Broadband town will be blank slate

The government insists that sleepy Buckfastleigh will be an excellent guinea pig in the struggle to bring broadband to rural areas - it's just not sure exactly how

After announcing that it is providing the money to broadband-enable Buckfastleigh -- a small Devon town on the border of Dartmoor National Park -- the government has admitted that it doesn't yet know how this will be achieved in practice.

This isn't a problem, though, according to the Department of Trade and Industry. It claims that the Buckfastleigh project will be an opportunity to find the best, and most cost-efficient, way of bringing high-speed Internet services to a rural community.

On Tuesday the government released the details of how the £30m it has allocated to boost the rollout of broadband infrastructure and services in rural areas will be spent. This money has been split between the various UK regional development agencies, and will be spent on a wide range of different initiatives -- from providing high-speed Internet links to business parks in the East of England to looking into the viability of broadband satellite and local wireless LAN services.

The South West of England Regional Development Agency is planning to use some of its £3.78m package to pay for a pilot broadband project in Buckfastleigh. It intends to give broadband connections to local public services like schools, healthcare centres, the town hall and the library. Local people will be offered broadband training at a new community access centre, while a marketing campaign will try to persuade local businesses and consumers of the benefits of broadband.

The reason that the government has had to provide this £30m of funding is that telcos, such as BT and ntl, generally do not offer broadband services in rural areas, claiming that a lack of demand makes it economically unviable.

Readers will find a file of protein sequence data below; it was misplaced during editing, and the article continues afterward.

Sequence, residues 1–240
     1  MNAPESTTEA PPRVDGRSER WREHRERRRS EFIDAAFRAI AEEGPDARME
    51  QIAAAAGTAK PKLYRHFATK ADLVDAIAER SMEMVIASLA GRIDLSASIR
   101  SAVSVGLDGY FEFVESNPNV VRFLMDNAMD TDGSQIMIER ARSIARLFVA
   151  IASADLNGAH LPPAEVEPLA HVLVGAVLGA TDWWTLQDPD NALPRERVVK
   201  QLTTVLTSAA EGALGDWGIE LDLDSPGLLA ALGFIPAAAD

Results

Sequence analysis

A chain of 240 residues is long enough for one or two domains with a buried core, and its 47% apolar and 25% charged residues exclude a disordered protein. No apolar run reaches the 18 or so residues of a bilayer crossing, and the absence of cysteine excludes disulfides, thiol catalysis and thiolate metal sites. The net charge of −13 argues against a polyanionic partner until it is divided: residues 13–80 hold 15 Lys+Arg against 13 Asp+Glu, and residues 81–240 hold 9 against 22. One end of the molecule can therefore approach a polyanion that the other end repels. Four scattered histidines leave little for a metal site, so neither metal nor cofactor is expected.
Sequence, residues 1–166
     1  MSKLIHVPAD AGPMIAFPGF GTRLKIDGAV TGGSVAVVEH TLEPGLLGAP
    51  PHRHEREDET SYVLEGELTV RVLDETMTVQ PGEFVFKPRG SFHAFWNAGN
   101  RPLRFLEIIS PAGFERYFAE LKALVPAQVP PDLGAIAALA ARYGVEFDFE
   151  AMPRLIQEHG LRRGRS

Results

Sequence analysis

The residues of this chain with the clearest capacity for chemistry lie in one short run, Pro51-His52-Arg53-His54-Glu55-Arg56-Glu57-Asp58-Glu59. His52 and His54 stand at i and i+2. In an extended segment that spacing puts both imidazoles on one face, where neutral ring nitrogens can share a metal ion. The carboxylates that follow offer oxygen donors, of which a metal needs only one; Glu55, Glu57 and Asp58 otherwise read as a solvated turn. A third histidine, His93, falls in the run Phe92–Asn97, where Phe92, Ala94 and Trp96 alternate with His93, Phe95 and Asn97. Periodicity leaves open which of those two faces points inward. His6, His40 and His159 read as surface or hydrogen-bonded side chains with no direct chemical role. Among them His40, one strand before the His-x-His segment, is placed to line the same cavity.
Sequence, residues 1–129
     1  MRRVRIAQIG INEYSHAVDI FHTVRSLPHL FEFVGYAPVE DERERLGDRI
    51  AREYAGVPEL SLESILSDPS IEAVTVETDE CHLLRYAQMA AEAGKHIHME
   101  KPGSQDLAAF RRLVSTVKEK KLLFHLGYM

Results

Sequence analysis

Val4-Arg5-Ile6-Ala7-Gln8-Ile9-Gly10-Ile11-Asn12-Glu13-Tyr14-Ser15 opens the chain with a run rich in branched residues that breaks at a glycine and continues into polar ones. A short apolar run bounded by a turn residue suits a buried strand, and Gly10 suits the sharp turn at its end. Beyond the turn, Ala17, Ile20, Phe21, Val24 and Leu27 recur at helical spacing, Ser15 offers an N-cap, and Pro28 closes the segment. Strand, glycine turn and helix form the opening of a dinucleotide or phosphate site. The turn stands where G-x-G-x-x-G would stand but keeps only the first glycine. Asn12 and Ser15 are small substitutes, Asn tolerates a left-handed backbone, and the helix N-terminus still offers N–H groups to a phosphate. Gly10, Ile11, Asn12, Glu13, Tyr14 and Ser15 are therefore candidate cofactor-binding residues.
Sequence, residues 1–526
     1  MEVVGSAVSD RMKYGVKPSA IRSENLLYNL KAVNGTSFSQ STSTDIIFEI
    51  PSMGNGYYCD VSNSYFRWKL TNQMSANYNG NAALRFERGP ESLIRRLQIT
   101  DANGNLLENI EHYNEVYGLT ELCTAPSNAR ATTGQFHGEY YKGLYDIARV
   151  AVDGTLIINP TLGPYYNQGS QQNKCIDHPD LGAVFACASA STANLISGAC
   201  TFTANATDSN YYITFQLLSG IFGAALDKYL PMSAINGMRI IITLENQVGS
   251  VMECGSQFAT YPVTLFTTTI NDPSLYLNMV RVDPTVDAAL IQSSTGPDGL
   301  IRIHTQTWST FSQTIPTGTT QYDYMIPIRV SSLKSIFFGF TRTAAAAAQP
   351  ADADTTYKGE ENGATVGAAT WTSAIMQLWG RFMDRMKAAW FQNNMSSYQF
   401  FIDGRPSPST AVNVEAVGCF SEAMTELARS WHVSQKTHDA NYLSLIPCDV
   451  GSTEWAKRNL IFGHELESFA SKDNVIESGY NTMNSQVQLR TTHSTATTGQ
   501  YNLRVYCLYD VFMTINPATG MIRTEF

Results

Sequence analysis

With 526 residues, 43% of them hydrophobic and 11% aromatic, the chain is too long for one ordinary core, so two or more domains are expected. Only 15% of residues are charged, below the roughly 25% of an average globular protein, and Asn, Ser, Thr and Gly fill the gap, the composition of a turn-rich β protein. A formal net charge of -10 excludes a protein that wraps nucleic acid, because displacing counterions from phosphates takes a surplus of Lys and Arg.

Thus, as the local exchanges are not ADSL-enabled and there isn't a commercial cable network to link to, whichever method is chosen to broadband-enable Buckfastleigh will require new infrastructure.

"It's very early days, but the whole point of the Buckfastleigh project is that they will have to find the best way of getting broadband into the town," explained a DTI spokesman. "Buckfastleigh has been chosen because it's the kind of place the big telcos are unlikely to invest in."

The DTI would not speculate on what kinds of technology were likely to be used in Buckfastleigh, but said that both satellite and wireless solutions would be examined.

BT recently said it would ADSL-enable a number of local exchanges in Cornwall, in a partnership with the European Regional Development Council.

The DTI did not rule out a similar deal happening in Buckfastleigh, but hinted that while no decisions have yet been made it is likely that several different technologies will be used. "All options will be explored, but the aim is not to favour one technology over another or to create any monopoly," the DTI spokesman explained.


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